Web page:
Home Prices End a Decade of Surges as Sales Rebound
Existing-home sales ended a yearlong decline in February, posting gains for the first time in 12 months, the National Association of REALTORS® reported Tuesday. Existing-home sales increased 14.5% month over month—which marked the largest monthly gain since July 2020—reaching a seasonally adjusted annual rate of 4.58 million, NAR data shows. Still, total existing-home sales—which include completed transactions for single-family homes, townhomes, condos and co-ops—were down about 23% compared to a year earlier.
But February’s uptick is a hopeful sign that the housing market is adjusting to mortgage rates that are nearly double what they were a year ago. Many home buyers are still sitting on the sidelines ready to make a move. “Conscious of changing mortgage rates, home buyers are taking advantage of any rate declines,” says NAR Chief Economist Lawrence Yun. “We’re seeing stronger sales gains in areas where home prices are decreasing and the local economies are adding jobs.”
Home buyers don’t have an abundance of options. Inventory remains tight in many markets and is at historic lows, Yun adds. “Consequently, multiple offers are returning on a good number of properties.” Here’s a closer look at more key housing indicators from NAR’s latest housing report:
Home prices: Ending a decade of year-over-year increases—the longest upward streak on record—home prices posted a slight annual decline in February. The median existing-home price for all housing types fell 0.2% year over year to $363,000. Still, not all markets are seeing moderating prices. For example, prices continued to climb in the Midwest and South last month.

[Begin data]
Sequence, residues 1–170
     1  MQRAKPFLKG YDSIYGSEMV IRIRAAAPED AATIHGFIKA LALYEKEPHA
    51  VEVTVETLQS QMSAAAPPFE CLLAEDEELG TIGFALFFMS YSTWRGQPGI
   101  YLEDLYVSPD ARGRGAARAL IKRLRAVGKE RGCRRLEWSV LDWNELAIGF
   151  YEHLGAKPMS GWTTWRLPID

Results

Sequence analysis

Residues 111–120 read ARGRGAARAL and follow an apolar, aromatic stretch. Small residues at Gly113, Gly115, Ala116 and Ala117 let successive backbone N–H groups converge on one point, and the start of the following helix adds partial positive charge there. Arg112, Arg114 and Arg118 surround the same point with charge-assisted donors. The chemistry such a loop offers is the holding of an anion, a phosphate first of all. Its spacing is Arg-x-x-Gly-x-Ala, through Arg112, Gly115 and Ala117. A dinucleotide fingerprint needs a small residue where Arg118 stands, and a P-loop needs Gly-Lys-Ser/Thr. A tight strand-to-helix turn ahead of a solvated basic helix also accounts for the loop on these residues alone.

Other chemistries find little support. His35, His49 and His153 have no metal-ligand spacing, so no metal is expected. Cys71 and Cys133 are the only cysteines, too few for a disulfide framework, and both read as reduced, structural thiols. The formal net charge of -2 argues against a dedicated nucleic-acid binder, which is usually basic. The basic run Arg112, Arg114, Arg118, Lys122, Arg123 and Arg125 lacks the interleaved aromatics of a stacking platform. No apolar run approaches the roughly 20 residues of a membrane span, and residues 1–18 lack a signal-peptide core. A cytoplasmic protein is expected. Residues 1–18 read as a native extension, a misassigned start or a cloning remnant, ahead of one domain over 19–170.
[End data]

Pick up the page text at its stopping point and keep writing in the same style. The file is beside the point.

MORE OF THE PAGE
Inventory: The number of unsold existing homes remained at a similar level compared to January: the equivalent of a 2.6-month supply at the current monthly sales pace. Still, that’s improved from an even brisker 1.7-month pace a year earlier.
Days on the market: Fifty-seven percent of homes sold in February were on the market for less than a month. Properties remained on the market an average of 34 days in February, up from a much quicker pace of just 18 days a year earlier.
First-time home buyers: First-time buyers accounted for 27% of sales in February, down from 31% in January and 29% a year earlier.
All-cash sales: All-cash sales comprised 28% of transactions in February, up from 25% a year earlier. Individual investors and second-home buyers tend to make up the biggest bulk of cash sales. They accounted for 18% of sales in February, down from 19% a year ago.
Distressed sales: Foreclosures and short sales continue to make up a small amount of transactions, comprising just 2% of sales in February, about the same as in January and a year earlier.
Here’s a closer look at how existing-home sales fared in February across the country:
Northeast:Ssales increased 4% compared to January, reaching an annual rate of 520,000. But that is down 25.7% compared to a year earlier. Median price: $366,100, down 4.5% from the previous year.
Midwest: Sales increased 13.5% compared to January, reaching an annual rate of 1.09 million. Sales are down 18.7% from a year ago. Median price: $261,200, up 5% from a year ago.
South: Sales increased 15.9% compared to January, reaching an annual rate of 2.11 million. But that still marks a 21.3% decrease from the prior year. Median price: $342,000, an increase of 2.7% from a year ago.
West: Existing-home sales rose 19.4% compared to January, reaching an annual rate of 860,000. Sales were down 28.3% from a year ago. Median price: $541,100, down 5.6% from a year ago.